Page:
A thin layer of the above-described liquid gold resinate composition was brush coated onto a glass substrate. The coated substrate was then presensitized by slowly heating to 300 C.; after 5 minutes at 300 C., the glass substrate was allowed to cool. A negative mask was placed over a portion of the coated glass substrate. Then the glass substrate having the gold film and negative mask thereon were exposed to a weak source of ultraviolet light for approximately 16 hours. The source was Sylvania fluorescent sample No. 1114-1, F18T8/HO/BL/ 180; the coated substrate was placed two inches from the outer rim of the tube along the center line.
The mask was removed and the coated substrate was reheated to a temperature of approximately 400 C. and held there for 5 minutes. Particle size growth in the gold film was observed. A bright gold film formed in the region that had not been exposed to ultraviolet light. A very clear line of demarcation was observed between the exposed and unexposed portions. Then, the developed (exposed) gold portion on the glass substrate was washed away with a solution containing 1 part water to 1 part of 70% HNO by dipping the glass substrate into the nitric acid solution. Within 60 seconds the exposed portion had been removed from the glass surface. Finally, the coated glass substrate was fired to 600-625 C. and held at peak temperature for five minutes. A firmly adherent, durable, continuous gold film having a finely divided lines of demarcation was observed on the glass substrate.
The mechanism responsible for this phenomenon is fundamentally different from processes involving photopolymer layers with liquid bright solutions. In the prior art systems, the photosensitive polymer in the system is affected by the light and the nonexposed portion is then washed out of the composite system. The phenomenon of the present invention involves a significantly dilferent process. In the present invention, although not intended to be limiting, it is theorized that the effect of UV. light on presensitized films -is to inhibit the rate of growth during step (d) of fine colloidal particles of gold in the area exposed to U.V., as compared with the rate of growth of such particles on the unexposed areas. Once the gold film has been exposed to UV. light and developed by heating in step (d), the undeveloped portion is removed with a suitable solvent, leaving the desired gold pattern which may be refired in step (t).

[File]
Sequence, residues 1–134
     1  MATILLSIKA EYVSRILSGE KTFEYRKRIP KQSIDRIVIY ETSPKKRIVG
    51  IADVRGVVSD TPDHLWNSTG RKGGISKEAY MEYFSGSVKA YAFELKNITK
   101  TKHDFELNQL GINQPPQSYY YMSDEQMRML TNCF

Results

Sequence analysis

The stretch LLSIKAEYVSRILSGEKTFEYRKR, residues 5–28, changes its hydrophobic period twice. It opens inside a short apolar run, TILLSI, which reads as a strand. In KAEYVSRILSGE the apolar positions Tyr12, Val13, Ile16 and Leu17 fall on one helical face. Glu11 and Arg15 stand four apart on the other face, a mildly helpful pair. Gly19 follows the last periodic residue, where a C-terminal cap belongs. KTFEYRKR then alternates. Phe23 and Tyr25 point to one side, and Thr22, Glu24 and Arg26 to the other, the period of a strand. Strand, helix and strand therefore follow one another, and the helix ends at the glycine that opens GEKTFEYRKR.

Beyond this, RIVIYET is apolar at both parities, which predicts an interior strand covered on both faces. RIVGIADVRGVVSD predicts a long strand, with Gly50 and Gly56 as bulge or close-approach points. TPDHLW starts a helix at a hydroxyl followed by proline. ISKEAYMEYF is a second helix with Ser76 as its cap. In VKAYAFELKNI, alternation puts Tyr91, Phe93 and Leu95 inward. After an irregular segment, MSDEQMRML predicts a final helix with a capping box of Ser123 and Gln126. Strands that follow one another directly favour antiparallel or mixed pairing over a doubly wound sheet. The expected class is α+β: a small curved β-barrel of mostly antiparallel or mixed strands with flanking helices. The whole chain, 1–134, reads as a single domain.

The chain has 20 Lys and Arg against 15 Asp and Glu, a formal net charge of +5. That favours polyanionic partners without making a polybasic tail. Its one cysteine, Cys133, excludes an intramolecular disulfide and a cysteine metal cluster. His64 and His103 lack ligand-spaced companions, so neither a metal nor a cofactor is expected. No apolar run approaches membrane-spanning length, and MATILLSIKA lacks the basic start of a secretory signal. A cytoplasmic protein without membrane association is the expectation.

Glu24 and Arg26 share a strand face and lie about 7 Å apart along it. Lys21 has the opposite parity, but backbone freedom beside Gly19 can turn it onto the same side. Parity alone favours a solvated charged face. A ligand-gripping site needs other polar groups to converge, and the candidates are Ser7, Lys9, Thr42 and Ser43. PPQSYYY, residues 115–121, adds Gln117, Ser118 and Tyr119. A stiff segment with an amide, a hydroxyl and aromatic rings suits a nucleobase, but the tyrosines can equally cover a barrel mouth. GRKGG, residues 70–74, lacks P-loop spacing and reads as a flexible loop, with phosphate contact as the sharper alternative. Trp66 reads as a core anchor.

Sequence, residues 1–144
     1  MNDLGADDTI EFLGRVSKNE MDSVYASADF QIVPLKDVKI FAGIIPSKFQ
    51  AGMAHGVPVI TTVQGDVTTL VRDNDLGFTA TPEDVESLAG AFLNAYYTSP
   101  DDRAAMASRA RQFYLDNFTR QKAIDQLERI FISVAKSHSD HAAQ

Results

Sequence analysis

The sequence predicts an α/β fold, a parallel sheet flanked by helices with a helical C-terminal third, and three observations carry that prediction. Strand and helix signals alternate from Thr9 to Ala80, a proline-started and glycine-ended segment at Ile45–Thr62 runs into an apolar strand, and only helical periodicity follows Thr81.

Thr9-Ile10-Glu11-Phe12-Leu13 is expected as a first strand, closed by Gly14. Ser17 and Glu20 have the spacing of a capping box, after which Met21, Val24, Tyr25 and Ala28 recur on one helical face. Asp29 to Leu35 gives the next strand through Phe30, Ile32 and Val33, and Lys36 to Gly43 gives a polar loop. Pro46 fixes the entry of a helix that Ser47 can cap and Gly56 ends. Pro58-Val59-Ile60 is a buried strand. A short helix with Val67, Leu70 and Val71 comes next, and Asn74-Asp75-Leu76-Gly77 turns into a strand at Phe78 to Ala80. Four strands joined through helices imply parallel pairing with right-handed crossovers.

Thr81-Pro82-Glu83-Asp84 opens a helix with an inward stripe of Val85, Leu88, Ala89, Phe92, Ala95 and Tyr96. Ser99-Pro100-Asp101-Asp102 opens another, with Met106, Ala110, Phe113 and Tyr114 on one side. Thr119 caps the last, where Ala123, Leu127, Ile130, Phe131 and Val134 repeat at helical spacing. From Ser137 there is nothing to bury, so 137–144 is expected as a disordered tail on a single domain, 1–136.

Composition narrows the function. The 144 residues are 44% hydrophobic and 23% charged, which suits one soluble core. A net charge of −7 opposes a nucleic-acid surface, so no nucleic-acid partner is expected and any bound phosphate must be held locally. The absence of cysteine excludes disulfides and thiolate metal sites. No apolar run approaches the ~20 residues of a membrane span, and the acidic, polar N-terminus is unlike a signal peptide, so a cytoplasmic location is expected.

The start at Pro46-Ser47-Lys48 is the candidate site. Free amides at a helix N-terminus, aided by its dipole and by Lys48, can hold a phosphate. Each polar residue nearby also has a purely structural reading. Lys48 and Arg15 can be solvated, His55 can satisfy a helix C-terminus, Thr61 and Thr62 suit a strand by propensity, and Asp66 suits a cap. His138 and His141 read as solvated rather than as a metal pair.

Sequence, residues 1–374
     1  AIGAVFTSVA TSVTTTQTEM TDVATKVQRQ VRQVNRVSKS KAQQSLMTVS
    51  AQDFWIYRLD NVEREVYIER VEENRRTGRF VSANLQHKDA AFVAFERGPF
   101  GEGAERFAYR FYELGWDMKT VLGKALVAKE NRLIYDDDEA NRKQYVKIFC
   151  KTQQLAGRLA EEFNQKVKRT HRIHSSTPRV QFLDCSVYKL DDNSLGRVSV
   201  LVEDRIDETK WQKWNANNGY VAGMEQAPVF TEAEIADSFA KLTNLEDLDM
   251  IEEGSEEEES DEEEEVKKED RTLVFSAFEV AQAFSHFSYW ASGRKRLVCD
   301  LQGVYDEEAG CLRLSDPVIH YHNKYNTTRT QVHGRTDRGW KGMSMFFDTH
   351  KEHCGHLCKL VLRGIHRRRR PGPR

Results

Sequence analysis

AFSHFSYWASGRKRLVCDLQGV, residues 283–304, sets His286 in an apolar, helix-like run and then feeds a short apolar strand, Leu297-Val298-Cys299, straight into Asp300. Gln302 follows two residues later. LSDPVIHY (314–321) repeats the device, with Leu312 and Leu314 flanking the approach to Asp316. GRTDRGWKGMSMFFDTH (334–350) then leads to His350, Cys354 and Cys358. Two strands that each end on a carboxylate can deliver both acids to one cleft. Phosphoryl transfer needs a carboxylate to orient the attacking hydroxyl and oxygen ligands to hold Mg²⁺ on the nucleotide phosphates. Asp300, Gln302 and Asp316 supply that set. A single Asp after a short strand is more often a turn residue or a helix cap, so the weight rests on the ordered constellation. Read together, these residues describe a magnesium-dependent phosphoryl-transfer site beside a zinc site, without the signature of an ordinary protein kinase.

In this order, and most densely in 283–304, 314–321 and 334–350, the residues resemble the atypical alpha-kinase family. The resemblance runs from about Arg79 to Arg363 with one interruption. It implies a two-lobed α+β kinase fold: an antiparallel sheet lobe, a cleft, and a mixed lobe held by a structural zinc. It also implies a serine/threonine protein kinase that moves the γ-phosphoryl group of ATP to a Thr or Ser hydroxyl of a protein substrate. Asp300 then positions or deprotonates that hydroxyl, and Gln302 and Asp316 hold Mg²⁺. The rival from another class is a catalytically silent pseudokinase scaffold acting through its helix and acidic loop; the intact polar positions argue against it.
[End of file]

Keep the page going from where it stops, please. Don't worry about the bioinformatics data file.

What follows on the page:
Since it is obvious that many changes and modifications can be made in the above-described details without departing from the nature and spirit of the invention, it is to be understood that the invention is not to be limited to said details except as set forth in the appended claims.
What is claimed is:
1. A process'of producing a conductive gold pattern on an insulating substrate comprising the following sequential steps:
(a) uniformly coating the substrate with a liquid gold resinate composition to produce a film thereon;
(b) presensitizing the film by heating to a temperature within the range of about 200-300 C.;
(c) exposing a desired pattern on the presensitized film to ultraviolet light, thereby producing exposed and unexposed portions of the film;
(d) heating the substrate and film to a temperature within the range of about 350-425 C. to form a hardened gold film from the unexposed portion of the gold film;
(e) washing away the exposed portion of the film with a suitable solvent; and
(f) firing the substrate and remaining film to a temperature in the range of about 600-800 C. to form a firmly adherent, continuous gold film on the substrate.
2. A process in accordance with claim 1 wherein said liquid gold resinate composition of step (a) additionally comprises a gold flux.
3. A process in accordance with claim 2 wherein the solvent of step (e) comprises nitric acid.
4. A process in accordance with claim 2 wherein the substrate is glass.
5. A process in accordance with claim 2 wherein the substrate is alumina.
References Cited UNITED STATES PATENTS 2,435,889 2/1948 Kerridge 96--38.1 1,574,357 2/19'26 Beebe et a1. 96- 8 8 3,529,961 9/1970 Schaefer 96--36.2 3,451,813 6/1969 Kinney et a1. 96--36.2 3,189,482 6/1965 Bajars et al. 117-212 OTHER REFERENCES Hopper: How to Apply Noble Metals to Ceramics, in Ceramic Industry, June 1963, 4 pages.
RALPH S. KENDALL, Primary Examiner US. Cl. X.R.